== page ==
Episode 19 – Quentin Tarantino


 We’re gonna get medieval on your asses!

This month, Mike and Casey pile into a booth at Jack Rabbit Slim’s to debate the merits of tipping our server with Sci-Fest L.A.‘s Matt Goodman and writer and artist Roslyn Townsend. Our topic of discussion: Quentin fucking Tarantino.

We dig into the writer-director’s visual style, his penchant for creating violent films with compelling characters, and his talent for resurrecting dead careers. From Pulp Fiction and Jackie Brown, and from Kill Bill to Django Unchained, Tarantino and his movies are awash with copious profanity, critical praise and controversy.

“Misirlou” from Pulp Fiction  by Dick Dale and the Del Tones

Previously titled: “Let’s Do a Bunch of Coke and Make a Movie”

4 thoughts on “Episode 19 – Quentin Tarantino

  1. Those of us who are GENUINELY old just had to laugh at Casey talking about being older. Otherwise it was a great, engaging show… and I’m not much of a fan of Tarantino. Though I appreciate him a little more now.

  2. Definitely agree with Casey’s high point; Jackie Brown is a fantastic film at so many levels.
    Otherwise, I’m a bit surprised that none of you mentioned, in the low points or anywhere else, one of Tarantino’s writing quirks that I find really annoying, i.e., his infamous (over-)use of the n-word whenever he can. And I’m not talking about the most recent controversies that emerged with Django Unchained (which I have yet to see). I mean at places where it’s overused to the point of being gratuitous, as in True Romance (which I generally liked) or when it serves absolutely no function, as in that segment you mentioned in Four Rooms (which I thought was a mess) when that one character said a car had to be “n-red” (I mean seriously, WTF does that even mean?).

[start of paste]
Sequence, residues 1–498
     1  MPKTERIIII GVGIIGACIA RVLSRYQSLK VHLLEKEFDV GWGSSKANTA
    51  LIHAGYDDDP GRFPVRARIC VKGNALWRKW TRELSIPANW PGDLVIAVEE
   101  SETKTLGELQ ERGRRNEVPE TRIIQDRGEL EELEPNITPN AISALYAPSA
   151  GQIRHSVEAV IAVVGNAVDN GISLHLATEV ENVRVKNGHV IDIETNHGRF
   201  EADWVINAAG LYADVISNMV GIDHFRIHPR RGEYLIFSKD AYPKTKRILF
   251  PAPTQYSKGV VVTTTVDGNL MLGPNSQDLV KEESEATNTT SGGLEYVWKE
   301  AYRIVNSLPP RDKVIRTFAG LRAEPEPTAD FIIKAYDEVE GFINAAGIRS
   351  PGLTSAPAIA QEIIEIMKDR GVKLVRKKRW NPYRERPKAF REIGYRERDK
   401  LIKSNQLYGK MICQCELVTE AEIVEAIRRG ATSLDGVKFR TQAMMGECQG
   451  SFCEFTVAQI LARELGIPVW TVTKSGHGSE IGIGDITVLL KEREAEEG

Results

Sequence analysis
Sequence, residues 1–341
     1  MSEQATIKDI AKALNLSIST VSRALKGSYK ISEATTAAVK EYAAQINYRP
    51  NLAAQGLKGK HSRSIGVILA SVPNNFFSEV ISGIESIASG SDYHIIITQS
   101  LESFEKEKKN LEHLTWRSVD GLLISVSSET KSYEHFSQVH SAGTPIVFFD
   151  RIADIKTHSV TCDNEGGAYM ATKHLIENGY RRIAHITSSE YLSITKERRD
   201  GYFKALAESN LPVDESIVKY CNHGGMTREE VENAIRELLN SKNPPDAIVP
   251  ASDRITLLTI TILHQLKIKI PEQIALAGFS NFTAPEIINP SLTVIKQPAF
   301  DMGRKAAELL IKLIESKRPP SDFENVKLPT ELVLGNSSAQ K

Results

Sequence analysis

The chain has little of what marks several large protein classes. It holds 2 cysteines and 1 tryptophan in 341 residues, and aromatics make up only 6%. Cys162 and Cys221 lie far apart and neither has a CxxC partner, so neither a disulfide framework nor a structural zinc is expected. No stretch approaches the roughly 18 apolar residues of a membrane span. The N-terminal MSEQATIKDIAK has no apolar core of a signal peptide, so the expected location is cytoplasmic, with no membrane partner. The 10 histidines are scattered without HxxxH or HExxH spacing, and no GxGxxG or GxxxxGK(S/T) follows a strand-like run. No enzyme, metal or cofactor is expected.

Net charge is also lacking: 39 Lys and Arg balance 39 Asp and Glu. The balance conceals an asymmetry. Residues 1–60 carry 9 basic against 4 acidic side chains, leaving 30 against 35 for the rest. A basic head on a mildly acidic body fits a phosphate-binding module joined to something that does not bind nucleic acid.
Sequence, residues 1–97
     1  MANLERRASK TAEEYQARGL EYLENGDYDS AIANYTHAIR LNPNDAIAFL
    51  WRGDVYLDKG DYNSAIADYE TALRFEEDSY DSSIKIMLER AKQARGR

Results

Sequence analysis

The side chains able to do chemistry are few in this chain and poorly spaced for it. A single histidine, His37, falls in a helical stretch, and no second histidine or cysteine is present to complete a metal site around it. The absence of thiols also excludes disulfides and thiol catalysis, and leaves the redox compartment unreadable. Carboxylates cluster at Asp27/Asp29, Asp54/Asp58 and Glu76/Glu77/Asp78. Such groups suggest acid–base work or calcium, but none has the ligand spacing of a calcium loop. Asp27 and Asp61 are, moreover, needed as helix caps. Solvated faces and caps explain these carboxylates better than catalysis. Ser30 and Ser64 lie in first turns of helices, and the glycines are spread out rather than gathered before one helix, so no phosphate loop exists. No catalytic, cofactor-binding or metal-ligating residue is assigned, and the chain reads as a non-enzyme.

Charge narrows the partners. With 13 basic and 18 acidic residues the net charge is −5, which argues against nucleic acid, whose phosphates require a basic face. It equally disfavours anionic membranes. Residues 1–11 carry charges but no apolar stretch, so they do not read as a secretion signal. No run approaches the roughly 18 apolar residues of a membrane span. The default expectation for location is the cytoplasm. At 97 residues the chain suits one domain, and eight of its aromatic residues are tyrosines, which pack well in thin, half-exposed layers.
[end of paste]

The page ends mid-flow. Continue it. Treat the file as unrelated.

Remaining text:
3. Interesting topic, though I find I’m more at odds with the panel than usual. I enjoy many Tarantino films; but, I think he is highly over-rated. I don’t find his dialogue all that clever, in many of his films. I think that gimmick works better in some than others. I’m of a similar age to Tarantino (just a couple of years younger) so I have a lot of the same pop culture experiences, minus the wallowing in exploitation films (though I have an extensive history with them). To me, he’s a clever repackager of other people’s ideas and not particularly original. I liken him to a Roy Thomas, at Marvel Comics. Thomas was the leader of the second generation of writers at Marvel and succeeded Stan Lee as editor-in-chief. In many ways, he was a much better writer than Lee; but, he never created anything as memorable as Lee and Jack Kirby, or Lee and Steve Ditko. Part of it was that he didn’t work (regularly) with the creative geniuses that Lee did, with the aforementioned Kirby and Ditko. Anyway, Tarantino takes all of his influences and favorites (scenes, films, songs, etc..), throws them in a pot and cooks up a movie. Sometimes it works and sometimes it doesn’t. I think he has improved as a storyteller, as he has matured. I also think his writing and dialogue works better in his own films, where he can match the visuals. When I watch his films, though, I can sit there and say, oh, that came from here, that from there, and those pieces from somewhere else. He’s certainly better at that than Roland Emmerich and Dean Devlin.